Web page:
67 ' IN i\1el\10ria11 'I'm: lliw. 1J u. HonEJrr Z1M11m1mANr\ 8.J. :aq-~q1i:rf11 R;f Gfw.l'r<rf<tl:llf=!iifll1, 1 am:cj ~ f~1:r;:i~ <Iii~ <Iii~ <JS: 11 IL ii:i with tl1e clccpm;t sorrow Lhat \l'c lmvc t.o rncord the dc:lth of one of our mos\: distinguihltocl 111P111ben;, Hev. Fat.her Hmrn1rr ZIMMimMAN.N, Ph.D. (Berlin), S..J. Fat.her Zin111wrn1a1111 c:l111e out to India in l!jh, anti maclc Rt;. Xavier's Coll ego, Bond my, his home a-i Prufessor of Saw-1- kril;, Ifo joined our SncicLy i11 ldlf'.i and rnn'<'ll on 1.he l\ia11agi11g Co1111nittee from LDl'l t.o l!l:!!l. Since 1!1~ 1 ho wm; 011c of om Vit c-l'ro1illenl.s. lfo1 l1eallh broke clown in Hl30 and in ]\'fay last at the advice of his lloetor:; he sailull for Eurnpo. Ifc pas~ed away on Feb. 8, l\.131, at Feldkird1, Austria, at tho age of G7. A very large 1111m bor o [ stuclenb; a11cl toachcrs camo unclor the i-;pcll ofhiscnclmnting pcrsu1rnlity. A fine ::;cholar, a dcop thinker, a simple chihlliko soul, n. sincere fric11d, he wn:; loved awl rc:>pect;ecl by all "'ho c:amc in conl;:lct with him. In l!j2-1 he was offered the Fellowship or our Snciety; and now 1lrnt he i~ 110 more, we must. pnhlicly do homage to his 1110dc,~ty which pro vented him from accepting so g1 en.t. an ltonom. In life his usu:ll greeting was "Go; I lilesh you": shall we not return tho sa]ut;n.tion now, au<l pray that his soul may rest in peace?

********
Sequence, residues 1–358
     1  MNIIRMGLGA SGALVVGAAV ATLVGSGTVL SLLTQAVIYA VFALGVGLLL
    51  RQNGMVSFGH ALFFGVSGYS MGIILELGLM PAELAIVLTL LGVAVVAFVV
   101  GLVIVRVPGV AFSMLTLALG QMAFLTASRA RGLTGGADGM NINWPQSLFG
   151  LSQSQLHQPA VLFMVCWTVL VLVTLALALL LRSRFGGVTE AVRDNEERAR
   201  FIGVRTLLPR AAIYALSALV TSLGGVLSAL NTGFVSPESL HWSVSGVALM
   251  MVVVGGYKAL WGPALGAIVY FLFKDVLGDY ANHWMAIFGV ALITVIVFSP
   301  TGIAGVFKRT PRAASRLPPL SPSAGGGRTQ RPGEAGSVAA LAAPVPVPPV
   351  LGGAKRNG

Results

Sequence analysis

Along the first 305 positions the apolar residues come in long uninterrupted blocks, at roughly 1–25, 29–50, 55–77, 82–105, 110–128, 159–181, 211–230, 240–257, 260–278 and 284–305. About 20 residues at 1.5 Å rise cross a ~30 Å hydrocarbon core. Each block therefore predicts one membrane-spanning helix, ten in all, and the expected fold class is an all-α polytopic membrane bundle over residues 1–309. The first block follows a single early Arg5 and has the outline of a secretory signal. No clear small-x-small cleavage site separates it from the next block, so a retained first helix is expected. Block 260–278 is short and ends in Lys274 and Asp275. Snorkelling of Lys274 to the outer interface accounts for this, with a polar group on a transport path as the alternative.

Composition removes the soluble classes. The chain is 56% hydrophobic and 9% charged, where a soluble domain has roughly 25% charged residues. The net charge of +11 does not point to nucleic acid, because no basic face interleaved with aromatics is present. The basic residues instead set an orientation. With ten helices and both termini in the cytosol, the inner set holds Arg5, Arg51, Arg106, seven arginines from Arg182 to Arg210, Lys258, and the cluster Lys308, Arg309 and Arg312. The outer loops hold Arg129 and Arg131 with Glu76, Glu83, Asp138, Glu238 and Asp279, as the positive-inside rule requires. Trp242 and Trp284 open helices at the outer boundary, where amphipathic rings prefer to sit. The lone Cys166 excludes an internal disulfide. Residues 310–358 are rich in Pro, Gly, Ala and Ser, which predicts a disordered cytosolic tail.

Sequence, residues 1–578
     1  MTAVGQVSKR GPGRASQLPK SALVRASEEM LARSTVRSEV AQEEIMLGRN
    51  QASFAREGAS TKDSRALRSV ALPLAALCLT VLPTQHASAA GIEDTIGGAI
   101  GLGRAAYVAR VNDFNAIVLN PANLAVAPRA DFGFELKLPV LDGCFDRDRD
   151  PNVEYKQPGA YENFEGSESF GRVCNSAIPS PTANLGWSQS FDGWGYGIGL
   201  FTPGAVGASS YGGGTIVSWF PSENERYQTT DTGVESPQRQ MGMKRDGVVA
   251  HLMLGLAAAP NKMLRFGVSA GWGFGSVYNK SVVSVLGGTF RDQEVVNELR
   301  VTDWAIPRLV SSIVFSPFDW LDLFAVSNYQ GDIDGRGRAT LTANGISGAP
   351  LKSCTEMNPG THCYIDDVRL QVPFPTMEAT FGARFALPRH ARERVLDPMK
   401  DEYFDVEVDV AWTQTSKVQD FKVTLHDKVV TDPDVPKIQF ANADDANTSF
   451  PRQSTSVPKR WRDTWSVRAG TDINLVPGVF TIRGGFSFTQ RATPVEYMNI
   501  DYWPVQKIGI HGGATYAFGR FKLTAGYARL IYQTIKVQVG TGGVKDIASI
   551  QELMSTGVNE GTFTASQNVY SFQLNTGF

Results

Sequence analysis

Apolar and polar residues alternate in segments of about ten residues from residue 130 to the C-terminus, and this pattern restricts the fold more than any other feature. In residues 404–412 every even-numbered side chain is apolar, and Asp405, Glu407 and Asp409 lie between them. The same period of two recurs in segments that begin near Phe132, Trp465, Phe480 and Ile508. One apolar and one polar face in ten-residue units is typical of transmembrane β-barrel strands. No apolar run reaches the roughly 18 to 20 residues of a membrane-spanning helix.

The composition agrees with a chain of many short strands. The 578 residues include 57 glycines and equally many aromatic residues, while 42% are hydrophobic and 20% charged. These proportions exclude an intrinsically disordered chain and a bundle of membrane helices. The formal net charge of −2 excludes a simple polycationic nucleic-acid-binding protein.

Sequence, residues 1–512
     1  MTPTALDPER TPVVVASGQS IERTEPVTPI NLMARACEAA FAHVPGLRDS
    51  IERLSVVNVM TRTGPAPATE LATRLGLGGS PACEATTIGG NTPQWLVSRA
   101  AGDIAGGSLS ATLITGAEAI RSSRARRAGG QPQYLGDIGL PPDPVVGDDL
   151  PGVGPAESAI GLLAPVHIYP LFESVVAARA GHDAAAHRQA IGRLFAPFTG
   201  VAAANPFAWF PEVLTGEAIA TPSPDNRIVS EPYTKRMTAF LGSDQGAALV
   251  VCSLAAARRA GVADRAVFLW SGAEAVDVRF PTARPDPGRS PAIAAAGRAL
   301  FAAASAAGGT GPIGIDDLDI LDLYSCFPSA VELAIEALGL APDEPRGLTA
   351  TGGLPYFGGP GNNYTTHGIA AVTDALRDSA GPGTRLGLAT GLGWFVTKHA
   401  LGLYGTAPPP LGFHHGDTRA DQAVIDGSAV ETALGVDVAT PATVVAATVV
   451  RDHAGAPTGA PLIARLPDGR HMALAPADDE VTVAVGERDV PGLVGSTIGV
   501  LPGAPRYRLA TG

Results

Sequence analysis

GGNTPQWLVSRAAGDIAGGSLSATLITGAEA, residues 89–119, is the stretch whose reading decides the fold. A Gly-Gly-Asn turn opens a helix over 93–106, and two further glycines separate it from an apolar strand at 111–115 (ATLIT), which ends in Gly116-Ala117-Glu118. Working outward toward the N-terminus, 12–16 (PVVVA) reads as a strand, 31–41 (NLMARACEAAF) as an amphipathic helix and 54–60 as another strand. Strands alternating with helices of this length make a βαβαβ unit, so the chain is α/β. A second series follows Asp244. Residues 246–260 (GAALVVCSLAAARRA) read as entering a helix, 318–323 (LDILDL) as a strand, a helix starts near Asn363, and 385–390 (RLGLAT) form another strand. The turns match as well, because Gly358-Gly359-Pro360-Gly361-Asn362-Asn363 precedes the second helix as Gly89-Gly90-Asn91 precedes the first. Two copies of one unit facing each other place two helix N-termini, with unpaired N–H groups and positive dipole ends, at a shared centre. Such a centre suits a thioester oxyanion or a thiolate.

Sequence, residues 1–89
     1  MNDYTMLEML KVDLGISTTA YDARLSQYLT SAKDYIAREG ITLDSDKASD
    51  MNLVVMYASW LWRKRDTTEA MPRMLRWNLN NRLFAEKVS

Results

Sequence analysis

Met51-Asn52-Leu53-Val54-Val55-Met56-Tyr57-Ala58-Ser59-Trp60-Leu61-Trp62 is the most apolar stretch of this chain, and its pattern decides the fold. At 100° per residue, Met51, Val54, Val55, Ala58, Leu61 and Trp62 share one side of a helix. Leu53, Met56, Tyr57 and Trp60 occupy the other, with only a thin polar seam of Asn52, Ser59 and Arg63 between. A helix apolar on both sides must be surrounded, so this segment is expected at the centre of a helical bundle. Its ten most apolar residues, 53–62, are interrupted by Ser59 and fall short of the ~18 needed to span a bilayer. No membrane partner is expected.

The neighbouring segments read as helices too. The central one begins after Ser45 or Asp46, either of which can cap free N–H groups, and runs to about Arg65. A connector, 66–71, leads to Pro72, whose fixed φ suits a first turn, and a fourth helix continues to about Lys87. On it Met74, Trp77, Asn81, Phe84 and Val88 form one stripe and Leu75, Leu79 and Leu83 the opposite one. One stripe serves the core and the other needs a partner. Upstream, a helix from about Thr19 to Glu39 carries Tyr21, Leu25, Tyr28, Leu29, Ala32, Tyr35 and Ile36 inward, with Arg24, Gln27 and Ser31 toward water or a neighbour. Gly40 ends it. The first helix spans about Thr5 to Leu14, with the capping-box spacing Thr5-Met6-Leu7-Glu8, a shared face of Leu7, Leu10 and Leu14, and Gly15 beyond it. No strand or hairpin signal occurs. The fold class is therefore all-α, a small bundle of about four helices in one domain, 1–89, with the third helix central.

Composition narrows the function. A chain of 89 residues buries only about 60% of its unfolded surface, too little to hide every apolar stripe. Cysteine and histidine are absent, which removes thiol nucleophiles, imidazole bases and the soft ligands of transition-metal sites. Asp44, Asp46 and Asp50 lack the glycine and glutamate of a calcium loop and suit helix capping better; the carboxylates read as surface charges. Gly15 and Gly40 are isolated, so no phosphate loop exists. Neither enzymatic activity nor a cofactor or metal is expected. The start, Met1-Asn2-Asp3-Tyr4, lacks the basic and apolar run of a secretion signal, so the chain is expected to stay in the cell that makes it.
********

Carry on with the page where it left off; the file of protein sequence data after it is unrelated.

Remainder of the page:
68 PlWCEtmINGS (IF TIIE BOMBAY BHAKCII OF TIIE!\opal ~f5iatit ~ocittp. Annual Report for The year ujhler review was a very important one, being the ] 25th Anniveriiary of the Societ.y's life arnl the cclcbra.tion of the A1miversary occupier! two evenings, the ncare11t to the actual 1late of the 26th NovemlJcr that could be arrangccl on account of Hi8 Excellency's t.our in Sind. Ou t.he first 1fay, \Vednesda.y the -1th December, papers specially contributed by scholars in l ndi:1 for the occasion were read at a meeting of the Society. These have been published in Vol. VI oft.he Journal. On the secorul clay, Tlt1mlcla.y the 13th December, the principal_ gathering was held, at which His Exeellcney the Governor 11residecl. A full report of these proceedings will he found in the 12f>th Anni\ ersary Journ11l 11umlJcr (N. S. Vol. VI). His J~xccllency the Governor paid the Societ.y a special visit earlier in the year, when he unveilctl the bust of the Societ.y's first Secretary, Willi11111 Erskine, on the 13th.March. The port.mits of Sir James l\lackint.osh and Dr. Blum Daji and l'andit Bhagwaulal In<lraji h<wiug abo been set up in the lmll